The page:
Monday, October 6, 2008

Get well soon


This week I thought I'd talk about how to show someone you care. I want to start this series by talking about when someone is ill. This illness might be chronic, acute, fatal, or mild. There are so many things that can go under the category of "illness". Today's post will concentrate on chronic illness. Here are some thoughts:

  • If you know someone is hurting or having a bad spell, send her a get well card or gift. It doesn't have to be anything big, just something to show that you are thinking of her and wish her well. However, don't put stress on the "get well" part, instead concentrate on saying "feel better" or "I'm thinking of you".
  • She may be unwilling to ask for help, but chances are she would appreciate it. Avoid asking what you can do and instead think of something you know would help her and ask if it's okay for you to do it.
  • Recognize that chronic pain and fatigue can make anyone irritable at times, and if she seems irritable, it's nothing personal.
  • Be flexible when making plans and don't make her feel guilty if she cannot do something or must reschedule a date due to her condition.
  • If you visit, be an easygoing guest. Don't expect to be entertained and be prepared to do things for her if wanted. If you expect too much, this will only give her unneeded stress. Your company in just sitting quietly and reading a book is appreciated.
  • Ask if you can run an errand for her before visiting.
  • Don't assume she can't do something without asking first.
  • Keep her disability in mind when making plans and make sure that venues or situations you choose will be accessible and friendly to her condition.
  • Drop prepared food or homemade food in disposable containers at her house.
  • Invite her to a spontaneous event. Although it may seem like she can't go anywhere without a lot of planning, if you catch her on a good day she will know right away if she can go.
  • Let her know that she can talk to you and you will listen,then actually listen, and just listen. Chronically ill people often have a lot they want to get off their chest but they feel they will burden others with their concerns and frustrations.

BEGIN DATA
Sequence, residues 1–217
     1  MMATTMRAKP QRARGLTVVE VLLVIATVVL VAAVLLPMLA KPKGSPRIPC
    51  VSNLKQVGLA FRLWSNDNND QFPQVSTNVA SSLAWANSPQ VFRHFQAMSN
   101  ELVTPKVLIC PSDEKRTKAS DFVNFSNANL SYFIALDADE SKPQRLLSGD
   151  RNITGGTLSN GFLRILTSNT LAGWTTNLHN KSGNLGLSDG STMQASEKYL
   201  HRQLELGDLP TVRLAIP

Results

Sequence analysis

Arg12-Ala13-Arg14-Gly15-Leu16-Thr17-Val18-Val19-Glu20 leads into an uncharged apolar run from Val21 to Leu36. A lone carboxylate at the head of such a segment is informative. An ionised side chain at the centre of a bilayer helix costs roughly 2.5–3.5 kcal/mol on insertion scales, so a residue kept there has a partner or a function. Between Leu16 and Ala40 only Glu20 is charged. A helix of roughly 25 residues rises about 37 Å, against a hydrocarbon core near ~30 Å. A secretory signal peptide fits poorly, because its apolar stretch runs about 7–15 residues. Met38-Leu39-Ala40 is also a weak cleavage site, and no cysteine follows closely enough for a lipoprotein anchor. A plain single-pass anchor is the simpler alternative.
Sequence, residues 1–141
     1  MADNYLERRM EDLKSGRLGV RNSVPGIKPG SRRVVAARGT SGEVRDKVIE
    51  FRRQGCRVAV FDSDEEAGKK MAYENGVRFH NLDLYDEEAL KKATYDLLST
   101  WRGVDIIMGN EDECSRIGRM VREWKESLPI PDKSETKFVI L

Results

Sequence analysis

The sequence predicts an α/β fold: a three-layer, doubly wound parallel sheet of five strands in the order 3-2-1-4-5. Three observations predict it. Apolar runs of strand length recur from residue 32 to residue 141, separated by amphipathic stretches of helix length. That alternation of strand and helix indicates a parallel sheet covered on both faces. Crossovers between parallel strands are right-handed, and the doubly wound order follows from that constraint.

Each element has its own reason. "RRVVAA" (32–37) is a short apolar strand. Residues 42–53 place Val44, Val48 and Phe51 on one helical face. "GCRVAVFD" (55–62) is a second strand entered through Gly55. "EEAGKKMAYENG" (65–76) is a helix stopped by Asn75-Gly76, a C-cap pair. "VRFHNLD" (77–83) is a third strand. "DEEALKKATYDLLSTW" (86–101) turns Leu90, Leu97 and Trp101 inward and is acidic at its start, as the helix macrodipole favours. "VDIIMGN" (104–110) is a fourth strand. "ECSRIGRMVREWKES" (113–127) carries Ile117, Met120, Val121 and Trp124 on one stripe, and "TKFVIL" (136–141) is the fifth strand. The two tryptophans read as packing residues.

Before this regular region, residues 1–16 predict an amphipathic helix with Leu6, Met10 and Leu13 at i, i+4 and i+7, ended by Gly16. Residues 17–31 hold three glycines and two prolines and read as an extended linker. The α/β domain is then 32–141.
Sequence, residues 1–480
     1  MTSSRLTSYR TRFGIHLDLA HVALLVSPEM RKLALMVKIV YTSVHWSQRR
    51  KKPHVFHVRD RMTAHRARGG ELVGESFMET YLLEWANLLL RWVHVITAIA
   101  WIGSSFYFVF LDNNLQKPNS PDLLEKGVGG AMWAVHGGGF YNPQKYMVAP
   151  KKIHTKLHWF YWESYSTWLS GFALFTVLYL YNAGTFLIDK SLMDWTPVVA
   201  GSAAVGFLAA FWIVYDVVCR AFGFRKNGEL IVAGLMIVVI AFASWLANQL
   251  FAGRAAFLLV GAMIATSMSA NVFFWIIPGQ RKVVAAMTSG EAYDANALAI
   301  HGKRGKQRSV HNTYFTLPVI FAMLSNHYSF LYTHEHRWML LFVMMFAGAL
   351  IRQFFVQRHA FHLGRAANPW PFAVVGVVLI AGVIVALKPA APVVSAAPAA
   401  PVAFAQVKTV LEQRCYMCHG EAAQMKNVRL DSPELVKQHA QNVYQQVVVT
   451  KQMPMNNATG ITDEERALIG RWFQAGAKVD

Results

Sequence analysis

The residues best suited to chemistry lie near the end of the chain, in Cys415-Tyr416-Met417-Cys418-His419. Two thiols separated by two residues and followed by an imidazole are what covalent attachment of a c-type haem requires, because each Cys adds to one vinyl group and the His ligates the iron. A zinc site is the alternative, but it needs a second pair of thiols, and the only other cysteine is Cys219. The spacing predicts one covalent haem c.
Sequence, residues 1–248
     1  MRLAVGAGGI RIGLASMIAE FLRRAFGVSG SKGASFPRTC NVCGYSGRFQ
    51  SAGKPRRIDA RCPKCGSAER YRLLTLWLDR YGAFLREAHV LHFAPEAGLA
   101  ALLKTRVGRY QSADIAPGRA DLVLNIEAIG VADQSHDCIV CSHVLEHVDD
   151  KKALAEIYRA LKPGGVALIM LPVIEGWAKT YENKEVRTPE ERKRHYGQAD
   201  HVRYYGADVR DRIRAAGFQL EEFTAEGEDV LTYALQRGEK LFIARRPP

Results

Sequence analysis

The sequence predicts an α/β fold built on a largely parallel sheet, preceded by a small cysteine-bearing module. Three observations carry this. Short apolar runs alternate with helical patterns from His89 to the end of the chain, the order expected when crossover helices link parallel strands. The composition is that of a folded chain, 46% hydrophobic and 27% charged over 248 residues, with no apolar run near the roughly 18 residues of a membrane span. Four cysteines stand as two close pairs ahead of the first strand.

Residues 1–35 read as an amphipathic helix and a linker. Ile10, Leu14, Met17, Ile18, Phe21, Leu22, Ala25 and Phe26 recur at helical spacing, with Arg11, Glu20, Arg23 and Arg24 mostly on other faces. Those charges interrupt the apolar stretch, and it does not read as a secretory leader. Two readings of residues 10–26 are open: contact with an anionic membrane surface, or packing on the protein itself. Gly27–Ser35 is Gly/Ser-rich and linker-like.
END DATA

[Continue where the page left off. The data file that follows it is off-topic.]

• Be a shoulder for her to cry on and no matter how trivial something may see to you, remember it is a big deal for her.
  • Do some research of your own into her condition to better understand her symptoms and treatments. If you find anything that may help her let her know in an no-pressure way.
  • Be her advocate. If you are at an event and there is an issue because of her disability, speak up!
  • Don't minimize or trivialize her symptoms, and don't pretend or think that you know or understand exactly what she is going through.
  • Remember the caretakers. These are people who may devote a lot of time or energy caring for a loved one with a chronic illness. These people could use a little extra emotional support too, even if it's just asking "how are you?" or offering to take over their care duties for a couple hours.

5 comments:

Deanna said...

You must have experience with someone with a chronic illness. I live with a muscle disorder that isn't life threatening, but is life debilitating. Your advice for supporting these type situations is wonderful.

Janine said...

Thank you very much Deanna, I do feel like I have some experience, which brings compassion...experience can be a wonderful thing.

Jennifer and Jason Young said...

lovely reminders! thank you so much!

CT said...

While in my craft class last week, the ladies sent a get well card to another lady's husband who had surgery. I had surgery two weeks prior to this and recieved nothing. I was very hurt. How do I handle this situation?

Janine said...

CT- This can be difficult. It's hard to teach others compassion and even more difficult to teach them to use their compassion consistently. There is really nothing you can "do" per say. I understand your hurt feelings and they are totally valid. All we can do is be the example in that situation. Be the kind of person who you would want someone to be to you. Do unto others...that's a fail safe motto. No, it doesn't pay off always, but at least we can walk away with our integrity intact. All my best and I hope you have recovered well from your surgery!

 
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